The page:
Reference ID: 07HANOI309
Created: 2007-02-22 06:34
Released: 2011-08-30 01:4
Origin: Embassy Hanoi

DE RUEHHI #0309/01 0530634
O 220634Z FEB 07

E.O. 12958: N/A
REF:  (A) STATE 007944 (B) 06 HANOI 000427
Implementation of the New Law on Intellectual Property
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14. (U) In January 2006, six months before the IP Law officially
entered into force, the Ministry of Culture and Information (MOCI),
Ministry of Science and Technology (MOST), Ministry of Agriculture
and Rural Development (MARD), Ministry of Finance (MOF), Ministry of
Trade (MOT), and Ministry of Public Security (MPS) jointly signed a
"Plan of Action on Cooperation in Preventing and Fighting against
IPR Violation during the period of 2006-2010," commonly referred to
as Program 168.  The program has helped to correct one of Vietnam's
glaring shortfalls -- poor coordination among the country's varied
enforcement agencies.  Agencies in Ho Chi Minh City report they are
using Program 168 to facilitate inter-agency cooperation at the city
15. (U) Some key highlights of Program 168 include:
-- Information dissemination: Under MOCI's lead, the participating
ministries, in coordination with local People's Committees, are
responsible for developing a concrete plan to disseminate
information on Vietnam's IPR commitments, legislation and
enforcement activities.  This information is to form the basis of an
annual report to the Prime Minister on nationwide IPR enforcement.
-- Strengthened Enforcement: The ministries shall provide guidelines
on IPR enforcement to their functional departments and local
People's Committees.  Inspection, supervision and sanctions shall be
strictly implemented at the national level by GVN ministries and by
the People's Committees at the local level.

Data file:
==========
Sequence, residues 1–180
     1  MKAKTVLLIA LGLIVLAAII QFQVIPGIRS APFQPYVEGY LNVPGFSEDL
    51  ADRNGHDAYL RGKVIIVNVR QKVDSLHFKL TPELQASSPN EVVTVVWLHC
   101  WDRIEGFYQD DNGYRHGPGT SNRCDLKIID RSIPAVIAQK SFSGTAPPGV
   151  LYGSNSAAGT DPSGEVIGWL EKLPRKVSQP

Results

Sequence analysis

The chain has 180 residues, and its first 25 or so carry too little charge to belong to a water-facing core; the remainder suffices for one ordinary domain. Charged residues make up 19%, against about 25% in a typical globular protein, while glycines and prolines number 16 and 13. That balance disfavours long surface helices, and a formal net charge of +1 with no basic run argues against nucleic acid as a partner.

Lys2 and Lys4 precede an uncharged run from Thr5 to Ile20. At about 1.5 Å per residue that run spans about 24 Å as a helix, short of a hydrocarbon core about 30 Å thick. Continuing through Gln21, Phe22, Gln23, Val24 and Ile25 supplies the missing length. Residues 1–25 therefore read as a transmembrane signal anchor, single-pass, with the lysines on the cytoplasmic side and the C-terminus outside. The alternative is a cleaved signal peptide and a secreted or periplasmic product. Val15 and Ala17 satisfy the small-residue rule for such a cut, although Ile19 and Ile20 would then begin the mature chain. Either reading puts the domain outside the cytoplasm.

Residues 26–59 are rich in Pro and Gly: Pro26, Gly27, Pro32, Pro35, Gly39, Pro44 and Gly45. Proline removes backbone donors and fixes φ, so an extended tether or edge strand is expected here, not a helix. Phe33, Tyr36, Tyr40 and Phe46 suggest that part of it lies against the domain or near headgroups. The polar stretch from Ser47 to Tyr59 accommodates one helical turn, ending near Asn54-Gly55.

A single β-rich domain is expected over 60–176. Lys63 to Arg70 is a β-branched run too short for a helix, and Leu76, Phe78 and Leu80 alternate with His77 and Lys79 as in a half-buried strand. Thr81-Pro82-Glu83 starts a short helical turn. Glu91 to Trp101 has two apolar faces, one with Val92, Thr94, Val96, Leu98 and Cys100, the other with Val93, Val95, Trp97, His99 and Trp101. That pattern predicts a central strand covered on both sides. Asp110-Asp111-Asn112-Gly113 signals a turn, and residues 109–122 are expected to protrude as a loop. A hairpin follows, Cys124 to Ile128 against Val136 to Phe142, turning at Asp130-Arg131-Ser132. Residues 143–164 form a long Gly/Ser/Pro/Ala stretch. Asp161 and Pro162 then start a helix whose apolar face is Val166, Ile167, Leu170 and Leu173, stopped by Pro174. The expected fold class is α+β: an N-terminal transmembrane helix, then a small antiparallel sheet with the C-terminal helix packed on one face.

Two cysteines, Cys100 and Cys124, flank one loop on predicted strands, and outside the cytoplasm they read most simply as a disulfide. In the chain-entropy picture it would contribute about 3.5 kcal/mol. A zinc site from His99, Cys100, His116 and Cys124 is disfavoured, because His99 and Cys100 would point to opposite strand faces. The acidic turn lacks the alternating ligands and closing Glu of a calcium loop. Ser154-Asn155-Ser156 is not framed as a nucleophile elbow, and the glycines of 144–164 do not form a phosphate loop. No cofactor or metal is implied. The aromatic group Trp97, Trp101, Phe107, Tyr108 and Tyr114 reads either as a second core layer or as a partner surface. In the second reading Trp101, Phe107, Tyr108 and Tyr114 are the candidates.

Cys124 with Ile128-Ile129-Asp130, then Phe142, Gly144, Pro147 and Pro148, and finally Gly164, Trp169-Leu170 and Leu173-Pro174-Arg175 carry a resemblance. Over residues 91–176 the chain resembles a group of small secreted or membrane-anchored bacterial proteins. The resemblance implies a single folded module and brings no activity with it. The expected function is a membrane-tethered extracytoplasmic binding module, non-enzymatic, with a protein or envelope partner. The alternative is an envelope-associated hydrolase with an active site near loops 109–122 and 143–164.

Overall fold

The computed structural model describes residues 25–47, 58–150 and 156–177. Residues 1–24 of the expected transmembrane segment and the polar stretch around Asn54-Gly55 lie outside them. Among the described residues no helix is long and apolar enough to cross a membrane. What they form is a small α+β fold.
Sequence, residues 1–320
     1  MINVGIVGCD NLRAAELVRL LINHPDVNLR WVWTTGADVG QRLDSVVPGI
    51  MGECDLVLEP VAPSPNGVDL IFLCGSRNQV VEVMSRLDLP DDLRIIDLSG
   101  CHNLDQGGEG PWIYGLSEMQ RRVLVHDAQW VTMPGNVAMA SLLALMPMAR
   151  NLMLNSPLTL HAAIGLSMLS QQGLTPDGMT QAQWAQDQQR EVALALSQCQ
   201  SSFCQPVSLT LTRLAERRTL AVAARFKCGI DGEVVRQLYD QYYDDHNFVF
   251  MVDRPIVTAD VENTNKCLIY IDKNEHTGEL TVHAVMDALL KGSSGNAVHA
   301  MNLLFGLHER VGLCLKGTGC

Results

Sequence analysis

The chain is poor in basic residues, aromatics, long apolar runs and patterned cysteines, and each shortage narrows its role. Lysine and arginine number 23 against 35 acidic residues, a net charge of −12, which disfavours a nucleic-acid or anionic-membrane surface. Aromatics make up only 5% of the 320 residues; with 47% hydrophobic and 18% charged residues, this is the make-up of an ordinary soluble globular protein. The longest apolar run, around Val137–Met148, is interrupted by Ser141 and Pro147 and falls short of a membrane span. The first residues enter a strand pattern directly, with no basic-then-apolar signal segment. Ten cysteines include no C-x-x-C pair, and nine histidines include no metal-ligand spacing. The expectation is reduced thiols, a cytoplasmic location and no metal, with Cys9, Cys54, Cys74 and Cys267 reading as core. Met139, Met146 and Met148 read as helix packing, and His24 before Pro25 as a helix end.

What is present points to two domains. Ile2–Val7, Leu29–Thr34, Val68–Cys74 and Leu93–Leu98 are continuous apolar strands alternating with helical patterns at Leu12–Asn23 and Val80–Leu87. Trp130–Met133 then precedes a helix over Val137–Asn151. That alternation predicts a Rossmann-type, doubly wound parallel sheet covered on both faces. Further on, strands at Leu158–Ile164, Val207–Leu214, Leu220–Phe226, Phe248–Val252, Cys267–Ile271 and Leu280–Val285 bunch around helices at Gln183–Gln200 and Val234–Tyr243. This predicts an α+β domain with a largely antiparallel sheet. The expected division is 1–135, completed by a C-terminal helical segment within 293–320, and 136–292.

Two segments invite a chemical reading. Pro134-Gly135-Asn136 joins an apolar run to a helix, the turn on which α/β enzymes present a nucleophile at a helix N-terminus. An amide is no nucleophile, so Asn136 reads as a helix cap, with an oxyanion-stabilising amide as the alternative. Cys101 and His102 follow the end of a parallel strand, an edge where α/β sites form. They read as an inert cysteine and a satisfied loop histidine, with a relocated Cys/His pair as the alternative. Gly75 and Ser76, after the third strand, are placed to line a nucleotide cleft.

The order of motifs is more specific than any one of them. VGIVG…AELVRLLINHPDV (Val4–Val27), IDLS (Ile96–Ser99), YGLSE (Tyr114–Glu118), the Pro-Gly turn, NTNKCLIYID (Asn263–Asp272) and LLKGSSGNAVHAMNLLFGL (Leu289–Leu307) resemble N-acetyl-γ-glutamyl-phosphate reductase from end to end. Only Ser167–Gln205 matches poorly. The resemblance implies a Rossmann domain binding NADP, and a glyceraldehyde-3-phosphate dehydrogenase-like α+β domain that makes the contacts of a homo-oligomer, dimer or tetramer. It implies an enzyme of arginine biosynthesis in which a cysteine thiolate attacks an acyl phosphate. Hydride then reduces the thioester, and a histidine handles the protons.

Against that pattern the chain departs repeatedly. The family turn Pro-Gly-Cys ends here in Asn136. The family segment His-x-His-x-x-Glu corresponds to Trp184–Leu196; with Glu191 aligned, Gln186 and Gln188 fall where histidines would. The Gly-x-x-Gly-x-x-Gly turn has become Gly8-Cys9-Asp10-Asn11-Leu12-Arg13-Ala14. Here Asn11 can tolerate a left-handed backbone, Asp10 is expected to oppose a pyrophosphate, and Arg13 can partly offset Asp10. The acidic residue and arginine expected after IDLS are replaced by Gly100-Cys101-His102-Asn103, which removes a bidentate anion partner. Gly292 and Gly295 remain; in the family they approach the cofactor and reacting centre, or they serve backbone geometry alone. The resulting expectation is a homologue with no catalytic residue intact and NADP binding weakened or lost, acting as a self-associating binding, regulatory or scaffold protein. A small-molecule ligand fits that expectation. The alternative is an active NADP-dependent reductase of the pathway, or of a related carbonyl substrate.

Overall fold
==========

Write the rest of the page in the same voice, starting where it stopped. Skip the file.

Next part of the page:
-- Capacity building for enforcement officials: The ministries shall
provide more training to officials of enforcement agencies, with a
special focus on international cooperation.  Notably, the ministries
will coordinate with the Ministry of Education and Training to
develop a specialized curriculum on IPR for undergraduate and
graduate students.
16. (U) Other legal and regulatory IPR-related reforms in 2006:
-- Decree No. 56 of June 2006 stipulates administrative offenses in
the culture and information field.  Decree 56 introduces various new
copyright offenses and provides for higher fines (in most cases) on
copyright infringements committed for commercial purposes, such as
copying TV or radio programs, film, tapes or discs; trading in
pirated software (new offense); or importing/exporting pirated
films, tapes, discs, TV or radio programs, written works, computer
software and fine art (new offense).
-- Decree No. 100 of September 2006, details the copyright
provisions of the Civil Code and the IP law. Decree 100 governs
author's rights and related rights held by performers, sound/video
recording producers, and broadcasting organizations.  Foreign
individuals and organizations whose works are covered by copyright
and related rights protection may directly file applications for
copyright and related rights registration at the Copyright Office of
Vietnam (COV) or provincial Culture and Information Services where